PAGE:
Once in awhile I share a conversation with a pastor 30-50 years older than me (though it's been a few years). With a little digging I can find a story about a struggle to provide the basics of life for their families. Salaries were small. Health insurance didn't exist. A pension? Unthinkable. Inevitably, I'll find a story about how a pastor was compensated with food. A pig here, several chickens there, 6-months supply of venison there. I'm glad I do not have to live like that.
I consider life's needs as I approach my next ministry chapter. I will no longer be compensated sometime in April, and I'll have to find a way to contribute to the household without piling thousands of dollars in the family coffers (that go out as quickly as they come in). I may have a few supply preaching opportunities. I'll clip more coupons and more closely watch the grocery budget. Exercises in leisure time will be dances in frugality. We've done this before and we can do it again. This chapter of ministry does not begin with worry.
I'm thinking about the two and three chapters ahead. I think back to earlier chapters, recalling my colleagues and friends retreat from challenging their congregations for fear of losing their health insurance, not receive a much-needed raise, or be forced into retirement sooner than they imagined. Maybe leadership decisions are not directly related to home balance sheets on a day to day basis, but the decisions where a pastor might overlook a ministry issue for self-preservation accumulate. Congregations also collect these behaviors in the name of self-preservation--not wanting to offend Jane and John Pewsitter for fear of losing their offering.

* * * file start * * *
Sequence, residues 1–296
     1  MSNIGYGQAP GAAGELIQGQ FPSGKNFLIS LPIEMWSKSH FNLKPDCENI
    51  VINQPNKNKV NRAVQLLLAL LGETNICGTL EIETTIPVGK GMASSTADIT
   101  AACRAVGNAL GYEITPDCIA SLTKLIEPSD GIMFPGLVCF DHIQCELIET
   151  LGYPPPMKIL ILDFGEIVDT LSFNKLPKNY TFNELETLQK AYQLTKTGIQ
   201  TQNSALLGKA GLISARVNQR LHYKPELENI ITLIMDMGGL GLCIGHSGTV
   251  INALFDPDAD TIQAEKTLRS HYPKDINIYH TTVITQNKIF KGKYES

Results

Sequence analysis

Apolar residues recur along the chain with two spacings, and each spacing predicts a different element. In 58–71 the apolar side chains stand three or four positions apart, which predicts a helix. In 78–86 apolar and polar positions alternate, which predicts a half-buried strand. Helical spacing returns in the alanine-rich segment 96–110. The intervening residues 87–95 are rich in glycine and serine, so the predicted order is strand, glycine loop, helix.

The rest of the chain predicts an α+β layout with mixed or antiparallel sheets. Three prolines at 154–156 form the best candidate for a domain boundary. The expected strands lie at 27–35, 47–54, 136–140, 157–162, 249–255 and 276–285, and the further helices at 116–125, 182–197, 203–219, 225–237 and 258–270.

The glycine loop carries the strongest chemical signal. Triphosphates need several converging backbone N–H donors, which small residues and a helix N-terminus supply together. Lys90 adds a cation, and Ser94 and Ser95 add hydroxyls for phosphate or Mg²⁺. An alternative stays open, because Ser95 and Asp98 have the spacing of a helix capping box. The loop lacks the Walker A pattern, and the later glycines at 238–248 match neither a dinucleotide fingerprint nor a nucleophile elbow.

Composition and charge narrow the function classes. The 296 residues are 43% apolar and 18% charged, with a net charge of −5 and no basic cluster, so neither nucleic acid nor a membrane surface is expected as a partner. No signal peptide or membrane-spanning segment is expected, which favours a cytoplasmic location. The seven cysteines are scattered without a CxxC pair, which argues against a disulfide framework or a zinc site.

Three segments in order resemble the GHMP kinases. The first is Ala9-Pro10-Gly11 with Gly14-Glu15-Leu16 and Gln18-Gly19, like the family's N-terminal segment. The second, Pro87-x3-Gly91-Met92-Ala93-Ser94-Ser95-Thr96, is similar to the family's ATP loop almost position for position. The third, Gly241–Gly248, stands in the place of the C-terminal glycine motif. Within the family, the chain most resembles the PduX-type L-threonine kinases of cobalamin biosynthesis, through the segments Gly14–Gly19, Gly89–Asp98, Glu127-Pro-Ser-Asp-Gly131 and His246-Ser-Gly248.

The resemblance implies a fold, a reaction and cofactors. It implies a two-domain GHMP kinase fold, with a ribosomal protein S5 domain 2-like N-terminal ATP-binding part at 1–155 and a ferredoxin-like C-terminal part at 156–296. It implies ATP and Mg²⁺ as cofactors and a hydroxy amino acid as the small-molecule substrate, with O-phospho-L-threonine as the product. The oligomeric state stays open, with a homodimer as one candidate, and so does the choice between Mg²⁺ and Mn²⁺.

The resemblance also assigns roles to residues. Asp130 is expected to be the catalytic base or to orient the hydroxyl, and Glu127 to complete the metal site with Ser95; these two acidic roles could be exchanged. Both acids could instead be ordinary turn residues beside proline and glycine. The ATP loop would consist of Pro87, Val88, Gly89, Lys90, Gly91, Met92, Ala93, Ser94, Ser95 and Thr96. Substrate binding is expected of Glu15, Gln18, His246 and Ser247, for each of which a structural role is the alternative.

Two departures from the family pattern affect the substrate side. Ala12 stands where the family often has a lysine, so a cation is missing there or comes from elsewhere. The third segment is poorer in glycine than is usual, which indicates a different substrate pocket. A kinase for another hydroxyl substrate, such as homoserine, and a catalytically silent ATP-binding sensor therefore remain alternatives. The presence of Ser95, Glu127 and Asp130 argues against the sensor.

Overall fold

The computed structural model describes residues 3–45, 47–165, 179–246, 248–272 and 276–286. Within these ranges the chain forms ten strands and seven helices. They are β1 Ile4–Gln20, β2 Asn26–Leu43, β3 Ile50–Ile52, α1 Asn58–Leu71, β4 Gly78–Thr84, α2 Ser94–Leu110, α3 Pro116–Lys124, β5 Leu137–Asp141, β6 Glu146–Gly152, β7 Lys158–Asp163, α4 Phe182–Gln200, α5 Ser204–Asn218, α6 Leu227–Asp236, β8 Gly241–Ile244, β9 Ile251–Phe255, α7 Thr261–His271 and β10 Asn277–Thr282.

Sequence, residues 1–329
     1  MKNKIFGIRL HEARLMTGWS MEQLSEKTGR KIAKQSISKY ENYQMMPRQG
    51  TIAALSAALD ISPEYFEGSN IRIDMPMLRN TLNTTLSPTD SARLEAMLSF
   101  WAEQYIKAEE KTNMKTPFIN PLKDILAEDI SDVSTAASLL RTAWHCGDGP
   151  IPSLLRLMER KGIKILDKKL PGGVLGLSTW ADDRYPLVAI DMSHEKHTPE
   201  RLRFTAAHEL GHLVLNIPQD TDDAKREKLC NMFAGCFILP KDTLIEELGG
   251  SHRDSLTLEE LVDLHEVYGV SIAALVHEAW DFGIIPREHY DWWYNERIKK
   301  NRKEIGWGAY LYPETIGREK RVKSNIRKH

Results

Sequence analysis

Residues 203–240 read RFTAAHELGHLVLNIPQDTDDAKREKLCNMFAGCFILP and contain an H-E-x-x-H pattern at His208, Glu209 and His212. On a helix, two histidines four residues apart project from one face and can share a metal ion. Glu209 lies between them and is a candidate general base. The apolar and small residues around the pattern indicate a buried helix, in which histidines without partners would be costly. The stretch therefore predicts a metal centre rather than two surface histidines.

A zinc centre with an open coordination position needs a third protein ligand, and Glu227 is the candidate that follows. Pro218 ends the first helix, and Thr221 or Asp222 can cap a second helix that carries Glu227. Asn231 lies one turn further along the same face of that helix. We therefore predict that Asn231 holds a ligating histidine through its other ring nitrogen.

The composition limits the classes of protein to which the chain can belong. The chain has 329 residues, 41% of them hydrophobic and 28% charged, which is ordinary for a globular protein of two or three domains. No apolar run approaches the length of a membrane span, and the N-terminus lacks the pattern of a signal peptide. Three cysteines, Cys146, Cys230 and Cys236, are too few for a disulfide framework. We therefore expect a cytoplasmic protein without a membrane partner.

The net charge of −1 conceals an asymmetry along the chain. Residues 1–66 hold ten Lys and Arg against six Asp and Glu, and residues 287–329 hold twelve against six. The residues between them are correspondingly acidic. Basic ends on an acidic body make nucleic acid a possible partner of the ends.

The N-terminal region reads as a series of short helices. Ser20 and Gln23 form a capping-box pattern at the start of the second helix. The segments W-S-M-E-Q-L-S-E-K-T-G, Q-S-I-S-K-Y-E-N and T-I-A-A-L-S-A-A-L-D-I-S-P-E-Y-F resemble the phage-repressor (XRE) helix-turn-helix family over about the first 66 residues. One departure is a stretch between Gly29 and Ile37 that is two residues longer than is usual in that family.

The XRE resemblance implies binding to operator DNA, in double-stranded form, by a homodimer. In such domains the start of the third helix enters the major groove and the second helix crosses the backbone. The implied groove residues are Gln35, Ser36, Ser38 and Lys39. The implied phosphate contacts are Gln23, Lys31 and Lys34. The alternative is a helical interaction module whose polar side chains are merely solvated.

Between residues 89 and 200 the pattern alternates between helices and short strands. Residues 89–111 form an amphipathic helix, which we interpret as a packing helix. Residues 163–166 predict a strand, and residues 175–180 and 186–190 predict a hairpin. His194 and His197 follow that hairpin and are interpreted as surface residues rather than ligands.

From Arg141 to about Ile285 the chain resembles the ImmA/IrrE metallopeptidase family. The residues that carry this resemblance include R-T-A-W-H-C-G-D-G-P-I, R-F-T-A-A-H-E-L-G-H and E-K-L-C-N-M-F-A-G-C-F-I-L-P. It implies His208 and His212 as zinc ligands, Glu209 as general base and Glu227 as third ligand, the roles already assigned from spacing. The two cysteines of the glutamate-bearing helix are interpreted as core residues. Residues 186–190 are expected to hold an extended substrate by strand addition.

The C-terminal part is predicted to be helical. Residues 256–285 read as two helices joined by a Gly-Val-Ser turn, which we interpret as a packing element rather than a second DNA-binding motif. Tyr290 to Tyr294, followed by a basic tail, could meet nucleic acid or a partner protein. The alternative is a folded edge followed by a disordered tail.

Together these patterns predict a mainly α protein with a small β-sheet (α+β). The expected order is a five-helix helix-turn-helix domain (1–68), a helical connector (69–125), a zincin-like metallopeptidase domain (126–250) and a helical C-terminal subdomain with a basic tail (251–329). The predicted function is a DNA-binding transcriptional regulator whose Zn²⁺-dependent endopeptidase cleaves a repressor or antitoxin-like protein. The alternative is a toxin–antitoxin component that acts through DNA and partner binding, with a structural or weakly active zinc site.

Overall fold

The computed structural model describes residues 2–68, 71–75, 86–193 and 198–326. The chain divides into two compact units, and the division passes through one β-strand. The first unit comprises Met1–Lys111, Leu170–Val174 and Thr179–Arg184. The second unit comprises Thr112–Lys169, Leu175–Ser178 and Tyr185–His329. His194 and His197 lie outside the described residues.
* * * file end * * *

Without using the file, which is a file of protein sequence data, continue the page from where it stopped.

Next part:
I never wish for a day I will be paid in pigs. I'm thankful for the church contributing so that I can make a good living. But I don't want to compromise a calling or a decision because my daughter needs a treatment or my wife needs glasses. Congregations do not want to limit their leadership in order to meet a budget, but the make their own compromises. With self-preservation in the backdrop, I wonder what will be the title of my next chapter in ministry. I ponder finding a "non-ministry" job that can help my family thrive while leading a ministry during the after work hours.
The church will never be void of politics, power struggles or leadership failures if pastors find their incomes in places besides the congregations they serve. As the dreams of God cascade through my mind about the justice, kindness and humble connections with God and neighbor, I wonder if I should put more energy into fulfilling my call rather than keeping my call. Congregations and pastors are spiraling downward in a whirlpool of self-preservation. Ministry should not suffer because of that spiral.
This is one reason that I am thankful for the struggling economy; would I even be thinking about self-preservation issues without it? Would I be thinking about boundless mercy of God or the benefits of comfortable living?